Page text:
Port Eads — Decades ago, the town of Port Eads was one of many thriving small communities near the mouth of the Mississippi River where residents carved out a living from the bounty of Louisiana’s waterways.
Changing land conditions slowly caused the disappearance of those communities, but now Plaquemines Parish officials are hoping to revive Port Eads through the completion of a $13 million marina that could be a boon for the parish’s tourism industry. But in order to realize that plan, the parish’s frequently bickering politicians will have to agree on how to operate the facility.
Reconstruction of the Port Eads marina is expected to be completed by March, but much of the structure, which includes boat slips, fishing camps and a boardwalk, has already sprung up along the river bank. The facility is several miles south of Venice and only accessible by boat or plane. Once completed, it will be the last way station for travelers before open water.
“Basically, this is the last place to stop before the mouth of river,” said Jarret Bauer, an engineer with All South Consulting Engineers LLC, which is overseeing the marina construction.
The Port Eads marina was a stopping place for travelers and the home of several seasonal hunting camps even after the town around it disappeared. But the marina was severely damaged during Hurricane Katrina, and the parish was only able to rebuild it with Federal Emergency Management Agency funding, Parish President Billy Nungesser said.
He hopes the retooled facility will return to its role as a resupply and refueling station for charter fishermen and a way station for workers headed out to oil rigs in the Gulf of Mexico.
In addition, officials hope to create a leasable camp for fishing enthusiasts and a showcase to entertain visiting dignitaries and tourists. The marina, which will have a fish-cleaning facility and weigh station, will be more convenient than having to travel back to the Venice marina, Nungesser said.
In addition to slips for about 35 boats, the marina will have its own bait and ice shop and fuel station. The facility is largely self-contained with its own sewerage treatment operation and water tank. Bauer said all of the structures are elevated roughly 11 feet above sea level.
Nungesser hopes the marina will boost the parish’s tourism industry, which is still rebounding after Katrina and the Deepwater Horizon oil spill, he said.
“It’s a great draw for the whole region,” Nungesser said. “It’s really a phenomenal facility.”
He said rebuilding the facility was a struggle because FEMA denied the parish’s funding request multiple times. Parish officials ultimately won an appeal in 2008, and construction began in 2010.
The new facility provides a long-needed facelift for the marina, which had become dilapidated prior to Katrina as the parish struggled to maintain it. Despite its size, the marina was managed by a single man, who actually died during Katrina, Nungesser said.
“The parish would do minimal repairs but it was losing the battle,” he said. “One individual running that facility over the past few years, it had gone down.”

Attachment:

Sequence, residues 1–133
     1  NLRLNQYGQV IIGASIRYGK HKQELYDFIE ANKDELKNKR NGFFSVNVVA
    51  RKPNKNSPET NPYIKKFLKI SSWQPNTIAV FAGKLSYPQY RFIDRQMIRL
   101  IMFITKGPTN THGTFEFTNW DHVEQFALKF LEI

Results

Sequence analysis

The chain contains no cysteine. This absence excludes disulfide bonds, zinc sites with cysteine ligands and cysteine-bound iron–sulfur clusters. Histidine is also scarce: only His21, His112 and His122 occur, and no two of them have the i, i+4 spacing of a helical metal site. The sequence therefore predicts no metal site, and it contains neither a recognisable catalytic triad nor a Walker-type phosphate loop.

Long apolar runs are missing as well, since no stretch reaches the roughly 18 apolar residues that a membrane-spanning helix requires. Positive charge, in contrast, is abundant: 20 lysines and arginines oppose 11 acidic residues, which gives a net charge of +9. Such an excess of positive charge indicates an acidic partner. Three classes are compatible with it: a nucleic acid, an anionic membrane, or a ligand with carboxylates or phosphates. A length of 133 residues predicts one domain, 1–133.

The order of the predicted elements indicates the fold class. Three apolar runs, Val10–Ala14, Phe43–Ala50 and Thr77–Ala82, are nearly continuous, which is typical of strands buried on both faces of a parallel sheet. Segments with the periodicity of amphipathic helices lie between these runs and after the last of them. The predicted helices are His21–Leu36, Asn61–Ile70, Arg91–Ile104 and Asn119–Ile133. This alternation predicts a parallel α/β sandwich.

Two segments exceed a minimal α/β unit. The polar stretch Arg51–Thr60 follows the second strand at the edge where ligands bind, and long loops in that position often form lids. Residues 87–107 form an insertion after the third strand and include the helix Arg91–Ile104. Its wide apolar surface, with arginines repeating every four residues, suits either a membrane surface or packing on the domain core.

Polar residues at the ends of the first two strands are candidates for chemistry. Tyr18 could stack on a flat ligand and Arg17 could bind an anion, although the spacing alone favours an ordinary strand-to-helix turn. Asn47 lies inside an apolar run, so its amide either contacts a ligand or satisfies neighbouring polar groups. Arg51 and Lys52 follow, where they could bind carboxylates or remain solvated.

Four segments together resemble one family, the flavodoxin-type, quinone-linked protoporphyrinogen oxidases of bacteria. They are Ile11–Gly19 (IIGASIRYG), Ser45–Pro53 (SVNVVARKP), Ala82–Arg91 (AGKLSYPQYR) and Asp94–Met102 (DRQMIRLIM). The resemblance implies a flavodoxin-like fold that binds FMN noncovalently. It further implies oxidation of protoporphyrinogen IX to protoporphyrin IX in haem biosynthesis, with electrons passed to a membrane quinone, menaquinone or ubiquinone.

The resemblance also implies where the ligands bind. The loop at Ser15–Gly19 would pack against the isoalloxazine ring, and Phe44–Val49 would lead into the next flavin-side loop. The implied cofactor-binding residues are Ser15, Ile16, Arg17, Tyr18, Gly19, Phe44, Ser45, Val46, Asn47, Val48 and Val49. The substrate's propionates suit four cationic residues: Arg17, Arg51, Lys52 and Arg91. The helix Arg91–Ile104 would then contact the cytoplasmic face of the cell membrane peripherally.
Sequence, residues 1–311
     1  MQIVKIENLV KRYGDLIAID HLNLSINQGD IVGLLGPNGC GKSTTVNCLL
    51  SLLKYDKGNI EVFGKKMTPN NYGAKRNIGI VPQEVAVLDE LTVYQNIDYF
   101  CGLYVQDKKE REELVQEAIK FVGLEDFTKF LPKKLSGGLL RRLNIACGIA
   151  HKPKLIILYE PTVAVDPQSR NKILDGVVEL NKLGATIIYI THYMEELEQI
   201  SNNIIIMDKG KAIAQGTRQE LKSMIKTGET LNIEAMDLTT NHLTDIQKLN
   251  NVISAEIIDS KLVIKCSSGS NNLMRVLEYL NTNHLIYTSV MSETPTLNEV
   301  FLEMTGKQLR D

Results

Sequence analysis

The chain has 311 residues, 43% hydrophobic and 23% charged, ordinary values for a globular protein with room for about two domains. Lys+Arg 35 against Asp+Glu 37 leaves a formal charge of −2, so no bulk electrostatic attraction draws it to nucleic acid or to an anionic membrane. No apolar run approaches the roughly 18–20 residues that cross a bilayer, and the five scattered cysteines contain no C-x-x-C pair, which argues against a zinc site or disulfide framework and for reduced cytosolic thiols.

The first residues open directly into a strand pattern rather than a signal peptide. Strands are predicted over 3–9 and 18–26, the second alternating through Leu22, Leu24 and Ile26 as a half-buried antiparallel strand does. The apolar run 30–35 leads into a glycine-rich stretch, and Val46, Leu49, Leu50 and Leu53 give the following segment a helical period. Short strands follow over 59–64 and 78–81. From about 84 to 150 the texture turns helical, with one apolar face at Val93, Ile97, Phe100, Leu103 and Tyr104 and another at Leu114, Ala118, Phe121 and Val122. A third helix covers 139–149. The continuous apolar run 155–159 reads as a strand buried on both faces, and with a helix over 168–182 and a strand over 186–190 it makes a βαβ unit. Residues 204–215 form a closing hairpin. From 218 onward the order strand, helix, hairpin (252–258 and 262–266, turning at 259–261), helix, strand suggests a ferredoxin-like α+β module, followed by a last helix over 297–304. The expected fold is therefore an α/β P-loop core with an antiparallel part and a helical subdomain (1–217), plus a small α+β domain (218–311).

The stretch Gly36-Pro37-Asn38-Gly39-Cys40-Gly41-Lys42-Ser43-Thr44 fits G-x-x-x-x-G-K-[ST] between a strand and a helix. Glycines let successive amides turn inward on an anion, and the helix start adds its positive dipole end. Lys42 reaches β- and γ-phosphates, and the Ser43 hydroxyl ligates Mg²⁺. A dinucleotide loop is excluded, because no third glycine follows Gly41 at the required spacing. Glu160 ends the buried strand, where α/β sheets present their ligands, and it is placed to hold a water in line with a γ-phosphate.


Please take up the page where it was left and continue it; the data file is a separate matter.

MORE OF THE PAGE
Nungesser is looking to move the facility from under parish management and have it run by a nonprofit created for that purpose. He wants to appoint the board that would run that nonprofit and have the parish provide $10,000 in “seed money.” The nonprofit could run fishing tournaments and other activities to generate money, although Nungesser admitted it’s likely the parish would still need to subsidize operations. He’s asking the Parish Council to consider that plan this month.
But some council members are leery of Nungesser’s proposal. They claim he has not explained the need for a nonprofit, and he’s pushing the council to make a decision much too rapidly. There are also concerns that turning operations over to a nonprofit would increase the possibility of graft, waste and abuse.
Councilman P.V. Griffin, whose district includes the marina, said that if the parish manages the marina it can keep a closer watch on the finances and hold its own employees accountable. The marina has the potential to be a boost for tourism, but it could also become a big headache with the wrong management, he said.
“I’m not too keen (on that plan) … I think we’re still in the negotiation process,” Griffin said. “If we go through the route of a nonprofit, we need to make sure we get some accountable people.”
Council Chairman Byron Marinovich said Nungesser is trying to push through the nonprofit plan too quickly, and the council really hasn’t had enough time to study the proposal. Nungesser said he wants the board in place before the marina opens, but Marinovich said that’s unlikely.
He stressed that he’s not opposed to using a nonprofit, but he’s concerned about quickly signing a long-term lease. He would prefer the parish consider a one-year pilot program to gauge the results.
“I really don’t comprehend the upside to the parish,” said Marinovich, who also questioned whose responsibility it would be to maintain the marina and nearby passes.
Nungesser claimed the delay in a decision is just another sign of the fractious relationship between his administration and the parish council. He said the marina needs management in place before it opens if it wants to get the best start to its operations.
“If it’s my idea, it’s a bad idea until I can prove the naysayers wrong,” he said.